"Duck Season: Adulthood is a Moving Target" (Warner Independent Pictures 4032, in that particular so-titled edition for Canada and the U. S. of A.) is one of the English titles for this film as it has seen release (the other title being "Mexican Kids") on DVD of the Spanish-language film, "Temporada de patos: ser adulto no vale la pena". The movie is a succulent exercise in whimsy, the sort of uncoordinated, calm craziness of early adolescence in the case of a 14-year old boy left alone at home, with a pal of his own age, whom soon a more knowing girl of 16 joins, the lass being a bit of a flirt. Also participating in the ensuing revels is a 30-something years old slacker with a "McJob" delivering pizza, including to the two boys (with whom he ends up passing the day) on this dull Sunday afternoon, off-and-on with and without electrical power for the computer games that they so favour. The title derives from a painting and various duck-like objects that appear as a constant motif in the film.

Amazon-U.S. has several good reviews of this little cinematic charmer, so there is no need here to go into any considerable detail. The film is an exercise in whimsy, its fey charm lying in the depiction of the sweetly unaffected innocence of early puberty, of youth still without responsibility or more advanced sexual awakening, for the three teens, and of the frustrations of "slackerhood" for the hapless young man. Its "R" rating (for "restricted") is rather silly, due only to some mild profanity now and then from boys trying to exhibit how "cool" they are and for the deftly cute portrayal of how marijuana (in birthday brownies that the girl makes after a failed cake) affects the foursome's perceptions, pretty innocent stuff in terms of modern film-making!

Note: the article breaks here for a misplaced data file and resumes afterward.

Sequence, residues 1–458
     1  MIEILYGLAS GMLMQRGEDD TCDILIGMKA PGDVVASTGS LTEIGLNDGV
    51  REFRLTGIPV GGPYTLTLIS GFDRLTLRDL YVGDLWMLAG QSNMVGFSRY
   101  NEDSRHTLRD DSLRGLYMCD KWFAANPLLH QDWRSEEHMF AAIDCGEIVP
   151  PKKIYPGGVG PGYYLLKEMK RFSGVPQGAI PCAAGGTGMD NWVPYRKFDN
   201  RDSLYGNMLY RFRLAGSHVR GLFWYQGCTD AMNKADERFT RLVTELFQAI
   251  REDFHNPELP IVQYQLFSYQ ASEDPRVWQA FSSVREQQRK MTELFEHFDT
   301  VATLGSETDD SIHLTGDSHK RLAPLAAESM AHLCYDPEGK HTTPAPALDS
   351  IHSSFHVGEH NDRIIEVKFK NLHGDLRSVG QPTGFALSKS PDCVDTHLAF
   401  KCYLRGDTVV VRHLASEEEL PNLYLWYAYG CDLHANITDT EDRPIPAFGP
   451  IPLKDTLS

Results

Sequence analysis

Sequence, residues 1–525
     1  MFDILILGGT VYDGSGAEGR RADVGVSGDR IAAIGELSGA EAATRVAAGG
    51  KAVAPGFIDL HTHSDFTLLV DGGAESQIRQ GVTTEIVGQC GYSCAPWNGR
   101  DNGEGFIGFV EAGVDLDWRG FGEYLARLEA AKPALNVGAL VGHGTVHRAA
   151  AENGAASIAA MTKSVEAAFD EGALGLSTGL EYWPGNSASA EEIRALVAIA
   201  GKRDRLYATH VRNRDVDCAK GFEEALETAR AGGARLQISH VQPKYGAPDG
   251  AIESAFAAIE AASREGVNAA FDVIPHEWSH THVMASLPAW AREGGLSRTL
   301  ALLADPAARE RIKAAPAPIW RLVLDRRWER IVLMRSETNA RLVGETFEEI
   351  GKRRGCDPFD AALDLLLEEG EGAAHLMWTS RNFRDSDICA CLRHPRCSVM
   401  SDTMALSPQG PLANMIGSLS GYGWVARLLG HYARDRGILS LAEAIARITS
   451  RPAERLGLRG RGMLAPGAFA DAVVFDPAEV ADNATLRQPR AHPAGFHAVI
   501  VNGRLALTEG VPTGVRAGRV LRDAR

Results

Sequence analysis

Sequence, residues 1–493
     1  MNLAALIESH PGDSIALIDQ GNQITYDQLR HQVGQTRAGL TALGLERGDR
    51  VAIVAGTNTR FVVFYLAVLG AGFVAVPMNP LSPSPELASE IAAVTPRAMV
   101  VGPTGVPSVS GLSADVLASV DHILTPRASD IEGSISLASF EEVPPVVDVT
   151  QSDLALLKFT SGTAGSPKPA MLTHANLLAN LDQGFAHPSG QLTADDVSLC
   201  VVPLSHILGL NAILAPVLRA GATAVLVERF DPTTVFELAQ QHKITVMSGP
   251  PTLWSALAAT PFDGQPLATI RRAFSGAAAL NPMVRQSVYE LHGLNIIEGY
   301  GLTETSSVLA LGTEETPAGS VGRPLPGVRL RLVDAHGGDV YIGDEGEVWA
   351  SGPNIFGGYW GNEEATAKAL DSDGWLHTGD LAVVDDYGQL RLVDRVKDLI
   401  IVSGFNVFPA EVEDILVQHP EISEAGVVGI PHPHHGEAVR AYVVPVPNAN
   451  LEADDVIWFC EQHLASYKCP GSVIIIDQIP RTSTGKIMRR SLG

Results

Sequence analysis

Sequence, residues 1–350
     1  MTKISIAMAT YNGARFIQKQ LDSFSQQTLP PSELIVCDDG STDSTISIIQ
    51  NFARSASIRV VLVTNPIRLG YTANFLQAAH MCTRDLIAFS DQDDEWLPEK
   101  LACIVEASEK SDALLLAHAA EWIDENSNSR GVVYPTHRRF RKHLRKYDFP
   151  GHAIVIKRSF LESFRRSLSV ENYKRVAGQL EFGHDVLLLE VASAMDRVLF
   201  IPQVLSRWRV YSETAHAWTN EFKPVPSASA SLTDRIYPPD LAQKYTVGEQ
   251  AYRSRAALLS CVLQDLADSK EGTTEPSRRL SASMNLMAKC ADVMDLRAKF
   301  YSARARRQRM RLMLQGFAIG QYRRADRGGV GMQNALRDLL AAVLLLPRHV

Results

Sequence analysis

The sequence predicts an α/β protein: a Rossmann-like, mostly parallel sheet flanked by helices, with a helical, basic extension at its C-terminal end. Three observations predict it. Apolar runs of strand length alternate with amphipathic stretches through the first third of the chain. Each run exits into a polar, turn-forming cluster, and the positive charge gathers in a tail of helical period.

One definitely should see it in this edition with English (or other) subtitles, unless the viewer's Spanish is good enough to catch banter, including slang, which the characters deliver often quite offhandedly, otherwise one is likely to miss the sly humour of what makes this low-key movie so endearing. (A particularly suitable DVD edition, for the U. S. of A.'s and for Canada's market which is in Spanish only, i.e. without English subtitles to view along with it, bearing the title and variant subtitle, "Temporada de patos: ¿a ti también te vale pito?", is available as R.T.C. Videomax Gold DVD-6342.) The film, obviously, is a bit of unpretentious fluff, but it is ingeniously clever, thus well worth watching time and again.